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Monday Mornings by Sanjay Gupta (2012)

Sanjay Gupta is a practicing neurosurgeon and his background is steeped in medicine. As a writer, he exposes the personal and professional lives of five surgeons in this fictional account, Monday Mornings.
In the medical world, the acronym M & M stands for morbidity and mortality. Sounds alarming, but it is a learning session that dissects the recent operations of the staff. Just as importantly, this session also investigates any questionable outcomes. No surgeon wants a summons to a Monday morning M & M. Five surgeons live and breathe in this book, fully human to pique and admirably maintain your interest. I listened to the book – and I liked the readers too.

David E. Kelly is developing a television show based on the book. Read more here.

The Bone Garden by Tess Gerritsen

The Bone Garden by Tess Gerritsen (2007)
Kept me quiet and intrigued for a day and a half. I couldn’t put it down! So many characters intertwined to complete the multi-generational saga.

For more medical thrillers view our staff picks here.

Anticancer by David Servan-Schreiber

Anticancer by David Servan-Schreiber (2008)
This inspiring review of new developments in the war on cancer will give readers hope. The author is a clinical professor of psychiatry at the University of  Pittsburgh School of Medicine. He writes about the research he has collected in a very readable way.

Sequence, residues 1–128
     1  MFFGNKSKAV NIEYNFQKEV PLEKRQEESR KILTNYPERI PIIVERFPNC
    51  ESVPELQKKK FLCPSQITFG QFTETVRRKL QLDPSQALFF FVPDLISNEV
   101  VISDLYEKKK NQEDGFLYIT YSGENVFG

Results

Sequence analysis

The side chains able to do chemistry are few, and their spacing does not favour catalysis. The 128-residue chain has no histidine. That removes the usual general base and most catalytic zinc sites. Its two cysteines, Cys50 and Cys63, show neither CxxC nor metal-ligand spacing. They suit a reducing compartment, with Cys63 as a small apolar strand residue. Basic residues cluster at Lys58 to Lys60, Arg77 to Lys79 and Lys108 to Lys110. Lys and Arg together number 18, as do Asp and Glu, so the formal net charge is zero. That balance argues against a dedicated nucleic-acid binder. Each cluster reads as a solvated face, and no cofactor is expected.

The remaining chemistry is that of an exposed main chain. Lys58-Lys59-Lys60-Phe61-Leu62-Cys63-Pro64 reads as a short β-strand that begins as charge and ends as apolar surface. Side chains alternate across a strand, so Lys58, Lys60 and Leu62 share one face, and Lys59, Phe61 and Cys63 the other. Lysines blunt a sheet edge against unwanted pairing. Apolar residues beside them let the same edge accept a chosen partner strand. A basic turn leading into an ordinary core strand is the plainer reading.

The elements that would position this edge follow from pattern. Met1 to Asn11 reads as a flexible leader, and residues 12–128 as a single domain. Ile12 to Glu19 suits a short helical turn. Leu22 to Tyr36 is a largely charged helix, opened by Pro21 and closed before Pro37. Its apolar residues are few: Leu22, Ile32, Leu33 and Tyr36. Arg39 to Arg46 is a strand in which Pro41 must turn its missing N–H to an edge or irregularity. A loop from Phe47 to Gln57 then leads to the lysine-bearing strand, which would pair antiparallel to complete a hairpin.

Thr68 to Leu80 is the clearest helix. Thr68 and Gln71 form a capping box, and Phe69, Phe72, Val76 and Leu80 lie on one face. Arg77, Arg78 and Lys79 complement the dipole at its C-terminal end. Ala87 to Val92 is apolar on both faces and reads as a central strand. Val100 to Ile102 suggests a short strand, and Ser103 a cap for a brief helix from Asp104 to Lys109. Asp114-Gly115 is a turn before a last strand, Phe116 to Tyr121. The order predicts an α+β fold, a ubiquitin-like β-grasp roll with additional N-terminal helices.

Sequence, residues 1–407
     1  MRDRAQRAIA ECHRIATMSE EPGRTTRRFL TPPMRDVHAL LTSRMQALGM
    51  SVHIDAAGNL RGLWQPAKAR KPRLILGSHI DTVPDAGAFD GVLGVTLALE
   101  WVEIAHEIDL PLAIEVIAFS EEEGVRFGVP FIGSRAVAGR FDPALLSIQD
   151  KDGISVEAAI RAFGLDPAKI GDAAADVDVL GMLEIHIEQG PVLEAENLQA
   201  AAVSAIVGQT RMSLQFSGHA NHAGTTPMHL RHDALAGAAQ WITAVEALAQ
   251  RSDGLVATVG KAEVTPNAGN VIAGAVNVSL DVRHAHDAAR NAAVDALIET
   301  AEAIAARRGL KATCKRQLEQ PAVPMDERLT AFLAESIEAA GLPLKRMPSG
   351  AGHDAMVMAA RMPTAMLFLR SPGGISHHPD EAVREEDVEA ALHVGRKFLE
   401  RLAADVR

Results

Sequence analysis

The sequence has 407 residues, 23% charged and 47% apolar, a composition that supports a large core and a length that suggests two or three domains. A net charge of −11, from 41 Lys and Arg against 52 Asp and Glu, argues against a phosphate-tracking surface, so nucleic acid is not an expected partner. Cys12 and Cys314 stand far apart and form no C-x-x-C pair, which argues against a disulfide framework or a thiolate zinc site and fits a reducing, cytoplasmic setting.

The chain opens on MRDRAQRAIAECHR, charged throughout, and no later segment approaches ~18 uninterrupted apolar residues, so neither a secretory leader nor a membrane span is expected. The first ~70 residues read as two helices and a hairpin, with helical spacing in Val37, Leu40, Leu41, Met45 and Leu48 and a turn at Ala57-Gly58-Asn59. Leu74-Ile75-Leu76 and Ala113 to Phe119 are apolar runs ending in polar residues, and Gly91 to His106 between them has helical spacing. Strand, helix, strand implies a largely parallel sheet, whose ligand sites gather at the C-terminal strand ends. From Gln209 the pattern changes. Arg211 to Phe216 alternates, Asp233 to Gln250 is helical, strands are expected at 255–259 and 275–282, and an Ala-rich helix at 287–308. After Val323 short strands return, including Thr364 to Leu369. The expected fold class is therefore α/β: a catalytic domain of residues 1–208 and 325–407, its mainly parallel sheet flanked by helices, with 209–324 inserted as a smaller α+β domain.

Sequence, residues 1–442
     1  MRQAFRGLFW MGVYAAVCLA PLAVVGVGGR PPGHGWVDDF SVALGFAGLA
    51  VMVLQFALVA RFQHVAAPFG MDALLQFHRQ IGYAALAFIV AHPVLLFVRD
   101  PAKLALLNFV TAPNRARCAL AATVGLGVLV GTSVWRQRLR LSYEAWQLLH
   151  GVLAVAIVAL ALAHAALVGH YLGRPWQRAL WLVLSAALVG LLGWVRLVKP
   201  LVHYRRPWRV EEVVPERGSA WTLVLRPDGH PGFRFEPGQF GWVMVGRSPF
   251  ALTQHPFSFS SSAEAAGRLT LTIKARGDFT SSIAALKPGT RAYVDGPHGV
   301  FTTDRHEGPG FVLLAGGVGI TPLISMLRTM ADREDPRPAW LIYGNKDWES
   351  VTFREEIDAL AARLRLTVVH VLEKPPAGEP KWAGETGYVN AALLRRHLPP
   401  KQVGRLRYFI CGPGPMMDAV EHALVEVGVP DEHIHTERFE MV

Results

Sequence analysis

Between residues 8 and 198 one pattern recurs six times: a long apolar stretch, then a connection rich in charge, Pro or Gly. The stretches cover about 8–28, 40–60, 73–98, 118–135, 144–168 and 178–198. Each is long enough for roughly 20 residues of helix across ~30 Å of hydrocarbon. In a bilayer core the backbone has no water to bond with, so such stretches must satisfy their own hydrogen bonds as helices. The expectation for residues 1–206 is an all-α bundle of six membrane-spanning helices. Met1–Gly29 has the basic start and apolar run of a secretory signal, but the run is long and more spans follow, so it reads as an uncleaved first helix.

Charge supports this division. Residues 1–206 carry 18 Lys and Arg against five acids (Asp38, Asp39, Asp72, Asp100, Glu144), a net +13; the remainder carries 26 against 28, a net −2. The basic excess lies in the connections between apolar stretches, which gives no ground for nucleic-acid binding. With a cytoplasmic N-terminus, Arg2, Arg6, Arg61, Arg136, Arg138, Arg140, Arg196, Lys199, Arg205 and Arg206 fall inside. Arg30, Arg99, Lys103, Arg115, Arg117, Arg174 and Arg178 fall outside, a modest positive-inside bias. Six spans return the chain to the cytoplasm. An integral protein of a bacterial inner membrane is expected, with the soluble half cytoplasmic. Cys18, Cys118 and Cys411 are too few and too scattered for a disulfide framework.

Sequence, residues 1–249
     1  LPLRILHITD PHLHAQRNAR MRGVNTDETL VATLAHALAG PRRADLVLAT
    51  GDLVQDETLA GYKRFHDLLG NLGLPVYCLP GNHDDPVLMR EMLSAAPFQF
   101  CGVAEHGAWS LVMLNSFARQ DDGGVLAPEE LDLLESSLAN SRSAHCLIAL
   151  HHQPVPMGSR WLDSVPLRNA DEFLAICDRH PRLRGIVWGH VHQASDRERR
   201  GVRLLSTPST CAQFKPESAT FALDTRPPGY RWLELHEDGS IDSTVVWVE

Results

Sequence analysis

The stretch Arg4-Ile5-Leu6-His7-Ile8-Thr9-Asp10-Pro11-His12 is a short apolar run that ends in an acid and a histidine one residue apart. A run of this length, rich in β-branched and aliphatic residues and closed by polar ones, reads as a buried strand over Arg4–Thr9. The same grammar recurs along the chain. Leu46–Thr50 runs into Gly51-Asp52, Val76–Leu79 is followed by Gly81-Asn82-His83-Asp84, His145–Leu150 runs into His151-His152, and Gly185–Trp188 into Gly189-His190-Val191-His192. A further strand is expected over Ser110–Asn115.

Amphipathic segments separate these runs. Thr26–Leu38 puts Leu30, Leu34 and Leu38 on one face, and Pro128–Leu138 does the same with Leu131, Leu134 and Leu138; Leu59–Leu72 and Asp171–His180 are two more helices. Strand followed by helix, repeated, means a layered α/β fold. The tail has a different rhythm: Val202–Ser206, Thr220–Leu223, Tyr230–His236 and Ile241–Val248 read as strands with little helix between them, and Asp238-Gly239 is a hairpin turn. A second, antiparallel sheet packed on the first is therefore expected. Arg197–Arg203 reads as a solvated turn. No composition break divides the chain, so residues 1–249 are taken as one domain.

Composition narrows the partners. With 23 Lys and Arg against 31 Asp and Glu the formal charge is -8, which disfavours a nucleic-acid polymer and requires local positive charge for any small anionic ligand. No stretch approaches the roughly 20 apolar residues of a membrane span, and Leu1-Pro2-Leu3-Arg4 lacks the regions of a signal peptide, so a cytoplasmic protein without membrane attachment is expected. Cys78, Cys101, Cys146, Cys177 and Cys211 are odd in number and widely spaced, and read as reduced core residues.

Visit the author's website amd read the New York Times review.

You: Staying Young by Michael F. Roizen and Mehmet Oz

You: Staying Young by Michael F. Roizen and Mehmet Oz (2007)
Drs. Roizen and Oz review the systems of our aging bodies. Better yet, they provide some “signature” YOU tips to stay young at any age. Quality of life requires a degree of effort. I cannot think of anything more important than keeping my independence. This particular CD flows easily. The authors present their ideas clearly and humorously. This combination works.

 

The Soul of a Doctor

The Soul of a Doctor: Harvard Medical Students Face Life and Death (2006)
This book of poignant stories show doctors (really, doctors-to-be) to be so human… conflicted, drawn in by the drama of life and death, and constantly learning from the situations they face daily. This is a must read, especially for doctors, others in the medical profession, and for all of us who at some time are their patients. The stories draw you in and make you hope that these medical students remember the “heart” lessons they learned as a medical students at Harvard and that the medical profession works to connect with the human side of their patients. This book is fascinating. Dr. Jerome Groopman, author of How Doctors Think, another of my favorite medical books, does the forward for this book.